We answered this question back in 2014, talking mainly about the manual method – using a whetstone to sharpen a blade. But what wasn’t covered in that article was another alternative – getting somebody to sharpen your knives for you.
In one of our earliest articles (Ballarat butcher looks back), Ballarat butcher Peter Loughnan told us how long it took to sharpen one knife with a whetstone – one hour. A whole set of knives could take quite a while. And in a business where you’re using your knives all the time, you don’t want them to get blunt.
Enter the professional knife sharpener. And to find out how this cottage industry was born, you have to go to the Dolomite mountains in the Italian Alps, and one specific valley in this region – Val di Rendena.
Nobody can explain why and when Val di Rendena became the origin of knife sharpeners, but for quite possibly hundreds of years knife sharpeners from this region, called either ‘Moletas’ or ‘Arrotini’ (from the Italian words for a portable grindstone – a ‘mola’ – and ‘arrotare’ which means to sharpen) would set out from their Alpine homes to travel the length and breadth of modern day Italy, visiting each village and town to offer their knife sharpening services.
From the late 1800s many moletas emigrated further afield, with most heading to the United States, but some also moving to Britain and as far as New Zealand*.
Those that moved to the US (and Canada) in the wave of Italian migration that continued through the twentieth century, established themselves right across the continent, bringing their services to all parts.
Competition between different moletas (particularly in the major US cities) became a little intense, which led to the setting up of the Knife Grinders Association in 1930, which mediated territorial disputes between them.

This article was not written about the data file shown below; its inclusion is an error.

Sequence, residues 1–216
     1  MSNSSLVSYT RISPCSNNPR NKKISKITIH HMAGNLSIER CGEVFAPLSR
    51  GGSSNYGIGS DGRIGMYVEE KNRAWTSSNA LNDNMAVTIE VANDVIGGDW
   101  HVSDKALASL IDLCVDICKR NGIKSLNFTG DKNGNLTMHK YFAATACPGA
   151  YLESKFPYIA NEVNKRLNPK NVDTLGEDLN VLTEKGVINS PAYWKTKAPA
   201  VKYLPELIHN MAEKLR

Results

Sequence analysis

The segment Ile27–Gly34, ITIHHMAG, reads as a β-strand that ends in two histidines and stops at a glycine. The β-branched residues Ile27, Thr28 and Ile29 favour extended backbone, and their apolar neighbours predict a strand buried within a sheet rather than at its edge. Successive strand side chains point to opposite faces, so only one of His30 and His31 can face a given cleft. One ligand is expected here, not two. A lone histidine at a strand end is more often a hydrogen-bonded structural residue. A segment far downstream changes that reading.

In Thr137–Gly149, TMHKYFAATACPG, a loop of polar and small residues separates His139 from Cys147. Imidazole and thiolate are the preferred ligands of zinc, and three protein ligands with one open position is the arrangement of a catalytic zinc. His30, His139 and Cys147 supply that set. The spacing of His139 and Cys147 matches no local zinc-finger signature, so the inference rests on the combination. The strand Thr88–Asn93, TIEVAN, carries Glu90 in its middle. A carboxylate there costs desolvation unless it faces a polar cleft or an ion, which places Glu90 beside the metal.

Almost all cities had at least one moleta, who wore a hallmark floppy hat and parked their wheelbarrow on a street corner, where they would sharpen customers’ knives on a pedal-operated grinding wheel, occasionally shouting out ‘moleta’ to announce their presence.
Moletas moved with the times, swapping to horse-drawn carts and then trucks and vans to ply their trade. At the same time they moved from pedal-operated to battery powered grinding wheels.
One innovation which has stood the test of time, in the US at least, is the concept of hiring out or swapping knives for customers.
Heavy users of knives, such as butchers, professional chefs and meatpackers, simply didn’t have the time to sharpen all their knives as often as they needed to (until the Nirey electric range came along to do the same job in minutes of course!) and so some moletas started offering to ‘swap’ a set of blunt knives for a set of sharp ones – for a small fee.
One modern day moleta is Robert Ambrosi of Ambrosi Cutlery, who services around 800 customers in New York, a mix of butchers, meatpackers and restaurants, including the Yankee Stadium**.
He waltzes in to the preparation area and simply swaps the knives out, replacing them with a new set of razor sharp knives, then comes back a week or so later and does the same thing again.
The art and science of knife sharpening is spoken of in reverential terms by its practitioners, and descendants of the original moletas believe that the skill involved in getting a knife to its sharpest state is something that is in the blood of the current children, grandchildren and great-grandchildren of the original immigrants.
Although electric knife sharpeners have to a great extent replaced the skill of these historic artisans, some still remain, offering their services to a grateful – and time-poor – clientele.
And if ever you find yourself in the Italian Alps, and in the Dolomite town of Pinzolo, you will find a statue dedicated to the generations of ‘moletas’ who have spread around the world from the towns and villages in the Val di Rendena – the ‘Monumento al Moleta’.
*so far we haven’t been able to find any moleta descendants in Australia, but we’re guessing there are some somewhere!